Lightning Strikes and Kills College Student on Outer Banks
- Sep 17, 2019
Bolt from the blue accounts for 16th U.S. lightning fatality in 2019
It saddens the entire Earth Networks team to report the 16th lightning fatality in the United States this year.
Lightning struck and killed a 23-year-old man on August 23, 2019, while he was playing with a Frisbee with friends on the beach in Kitty Hawk, N.C.
Just before 3:00pm ET, a lightning strike hit the victim in the lower back. According to a GoFundMe page, the lightning “came out of the clear blue sky.”
Emergency responders brought the Columbia University student to the Outer Banks Hospital in Nags Head. They then transferred him to a trauma center Greenville, N.C. where he was in a medically induced coma until he succumbed to his injuries recently. As of this time, officials have not released an exact date or time of his passing.
About an hour after the deadly strike, a large thunderstorm moved into the Kitty Hawk area.
Our total lightning detection network helps us understand incidents like this one and help us empower organizations around the world to prevent similar tragedies from occurring.
From 2:00pm to 4:00pm ET, we detected a very high amount of lightning activity within a 10-mile radius of the deadly strike. Our total lightning network detected 3,431 pulses in those just two hours.
You can watch an animation of our historical total lightning detection data from that day in the video below. Keep in mind that the magenta strikes are in-cloud and the yellow strikes are cloud-to-ground.
If you pay close attention to the above video, you can see that we detected the first in-cloud pulse around 2:38pm ET.
If our alerting systems were in place on this beach, we could have provided nearly 20 minutes of advanced warning; more than likely giving the victim and his friends enough time to get to safety.
How Do Bolts from the Blue Happen?
Most people seek shelter from thunderstorms when they hear thunder or see lightning. But that’s not when lightning risk starts.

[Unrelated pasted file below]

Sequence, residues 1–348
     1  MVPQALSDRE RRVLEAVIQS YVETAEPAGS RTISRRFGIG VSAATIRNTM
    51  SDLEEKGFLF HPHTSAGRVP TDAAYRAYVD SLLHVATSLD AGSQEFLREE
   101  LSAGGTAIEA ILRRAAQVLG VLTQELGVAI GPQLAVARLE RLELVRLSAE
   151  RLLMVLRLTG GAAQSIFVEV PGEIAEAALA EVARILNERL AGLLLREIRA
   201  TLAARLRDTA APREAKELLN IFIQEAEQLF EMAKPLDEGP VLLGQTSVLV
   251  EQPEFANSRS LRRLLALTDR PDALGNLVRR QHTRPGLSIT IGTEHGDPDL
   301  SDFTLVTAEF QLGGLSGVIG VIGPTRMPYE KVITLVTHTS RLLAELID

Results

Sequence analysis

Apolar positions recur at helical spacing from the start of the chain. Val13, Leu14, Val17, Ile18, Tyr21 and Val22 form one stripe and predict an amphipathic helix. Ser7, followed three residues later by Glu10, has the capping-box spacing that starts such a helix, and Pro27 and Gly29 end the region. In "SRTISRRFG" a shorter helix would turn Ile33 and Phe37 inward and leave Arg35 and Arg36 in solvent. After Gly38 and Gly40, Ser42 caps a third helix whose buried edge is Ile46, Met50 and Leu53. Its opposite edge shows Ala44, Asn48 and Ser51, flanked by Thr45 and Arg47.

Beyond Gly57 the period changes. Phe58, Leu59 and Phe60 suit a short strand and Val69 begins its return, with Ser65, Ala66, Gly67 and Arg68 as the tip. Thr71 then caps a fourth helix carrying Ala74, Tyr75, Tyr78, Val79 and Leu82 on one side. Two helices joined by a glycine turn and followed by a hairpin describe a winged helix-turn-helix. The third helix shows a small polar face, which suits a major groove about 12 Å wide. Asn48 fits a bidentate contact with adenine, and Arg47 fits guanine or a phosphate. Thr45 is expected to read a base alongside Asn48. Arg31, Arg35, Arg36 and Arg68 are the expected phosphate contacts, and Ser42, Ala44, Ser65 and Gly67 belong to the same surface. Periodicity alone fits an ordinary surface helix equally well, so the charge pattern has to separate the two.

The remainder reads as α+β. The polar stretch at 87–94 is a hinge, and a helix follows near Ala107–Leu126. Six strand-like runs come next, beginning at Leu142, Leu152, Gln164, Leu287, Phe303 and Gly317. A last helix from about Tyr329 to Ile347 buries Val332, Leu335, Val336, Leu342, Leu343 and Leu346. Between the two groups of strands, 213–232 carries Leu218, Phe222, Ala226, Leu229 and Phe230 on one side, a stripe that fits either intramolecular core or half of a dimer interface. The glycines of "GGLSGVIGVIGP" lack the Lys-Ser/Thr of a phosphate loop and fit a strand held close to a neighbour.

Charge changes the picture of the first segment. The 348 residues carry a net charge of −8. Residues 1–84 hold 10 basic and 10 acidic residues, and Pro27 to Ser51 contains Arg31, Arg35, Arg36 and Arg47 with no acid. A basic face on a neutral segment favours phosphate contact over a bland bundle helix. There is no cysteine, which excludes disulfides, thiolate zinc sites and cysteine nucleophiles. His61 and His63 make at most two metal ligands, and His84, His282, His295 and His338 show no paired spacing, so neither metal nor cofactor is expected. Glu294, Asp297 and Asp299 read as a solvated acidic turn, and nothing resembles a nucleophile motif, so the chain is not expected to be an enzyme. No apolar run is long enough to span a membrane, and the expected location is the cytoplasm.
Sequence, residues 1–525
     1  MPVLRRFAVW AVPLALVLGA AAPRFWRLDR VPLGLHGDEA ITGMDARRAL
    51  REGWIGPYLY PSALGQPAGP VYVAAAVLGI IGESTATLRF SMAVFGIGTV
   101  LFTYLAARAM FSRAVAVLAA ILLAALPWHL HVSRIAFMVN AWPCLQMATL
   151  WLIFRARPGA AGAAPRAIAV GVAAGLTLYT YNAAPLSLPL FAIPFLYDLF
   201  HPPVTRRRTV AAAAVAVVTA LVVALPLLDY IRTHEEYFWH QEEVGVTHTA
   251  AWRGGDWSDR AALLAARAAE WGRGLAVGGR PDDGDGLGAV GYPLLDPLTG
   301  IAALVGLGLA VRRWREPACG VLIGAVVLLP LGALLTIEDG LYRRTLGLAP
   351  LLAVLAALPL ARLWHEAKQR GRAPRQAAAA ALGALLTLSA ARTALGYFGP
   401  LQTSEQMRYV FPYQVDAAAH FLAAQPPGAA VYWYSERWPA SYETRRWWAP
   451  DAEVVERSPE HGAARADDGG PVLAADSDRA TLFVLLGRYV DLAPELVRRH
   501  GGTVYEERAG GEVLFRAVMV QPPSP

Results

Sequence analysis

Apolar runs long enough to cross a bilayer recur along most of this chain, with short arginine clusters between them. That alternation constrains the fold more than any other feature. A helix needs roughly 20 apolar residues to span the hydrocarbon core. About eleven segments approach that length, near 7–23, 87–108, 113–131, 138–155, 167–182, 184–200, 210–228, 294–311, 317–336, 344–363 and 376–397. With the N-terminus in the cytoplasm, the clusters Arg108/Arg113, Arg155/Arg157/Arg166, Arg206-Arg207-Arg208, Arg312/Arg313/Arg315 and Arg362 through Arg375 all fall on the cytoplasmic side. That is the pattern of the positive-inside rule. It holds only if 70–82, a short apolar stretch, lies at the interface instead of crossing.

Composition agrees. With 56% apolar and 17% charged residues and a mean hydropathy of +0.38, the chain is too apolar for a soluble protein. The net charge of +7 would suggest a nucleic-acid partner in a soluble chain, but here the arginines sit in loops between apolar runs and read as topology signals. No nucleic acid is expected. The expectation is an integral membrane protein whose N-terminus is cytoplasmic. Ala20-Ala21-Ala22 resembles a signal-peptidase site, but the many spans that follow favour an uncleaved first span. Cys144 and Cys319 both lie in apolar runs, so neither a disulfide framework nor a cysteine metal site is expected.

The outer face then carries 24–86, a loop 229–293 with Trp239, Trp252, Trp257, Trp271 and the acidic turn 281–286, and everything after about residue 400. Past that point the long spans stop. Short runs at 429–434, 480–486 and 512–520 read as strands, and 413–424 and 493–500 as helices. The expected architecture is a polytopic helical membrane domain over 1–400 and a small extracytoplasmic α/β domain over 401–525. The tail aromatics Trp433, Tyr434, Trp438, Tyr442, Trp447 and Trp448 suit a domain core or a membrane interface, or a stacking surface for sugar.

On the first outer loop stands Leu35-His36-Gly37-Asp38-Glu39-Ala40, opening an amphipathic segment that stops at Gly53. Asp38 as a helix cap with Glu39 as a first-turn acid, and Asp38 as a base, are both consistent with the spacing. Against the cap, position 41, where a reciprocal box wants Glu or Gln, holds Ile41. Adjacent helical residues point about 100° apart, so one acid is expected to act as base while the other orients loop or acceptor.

Lightning strikes can extend over 10 miles away from a storm cell. That means that lightning can strike on a seemingly clear day. We call these types of strikes bolts from the blue.
Bolts from the blue happen just like any other lightning strike, only they travel far away from the storm cell.
A bolt from the blue is dangerous because those without adequate lightning warnings do not understand they’re at risk. What’s more is that those who have lightning warnings might not seek shelter since the scene looks safe to the naked eye.
It’s critical to implement total lightning detection tools and alerts at beaches, parks, and other outdoor areas. It is just as important to make sure visitors understand what these alerts mean and seek adequate shelter; no matter what it looks like outside.
In-Cloud Lightning Prevents Fatal Bolts from the Blue
As we mentioned earlier in this analysis, our total lightning detection network picked up an in-cloud pulse within a 10-mile radius of the beach the victim was on about 20 minutes before the fatal strike.
In-cloud lightning is an invaluable tool for lightning safety. While a lot of lightning safety systems rely on cloud-to-ground strikes alone, in-cloud detection is what’s most important.
That’s because in-cloud lightning strikes make up over 80% of all lightning discharges. During the first half of 2019, exactly 82.9% of all lightning discharges over the continental U.S. were in-cloud.
Because in-cloud lightning is much more prevalent, it allows us to understand thunderstorm development better. In-cloud lightning is a precursor to dangerous and life-threatening conditions, like cloud-to-ground strikes, flash flooding, and microbursts.
More on Dangerous Weather
If you have questions regarding lightning safety, this lightning case, or lightning safety tools please ask them in the comments section below.
You can also reach out to our team on Facebook, LinkedIn, Instagram, or Twitter or shoot us an email at firstname.lastname@example.org.
If you’d like to learn more about lightning, lightning detection, or other forms of severe weather, please head over to our free Weather 101 resources guide to increase your severe weather awareness.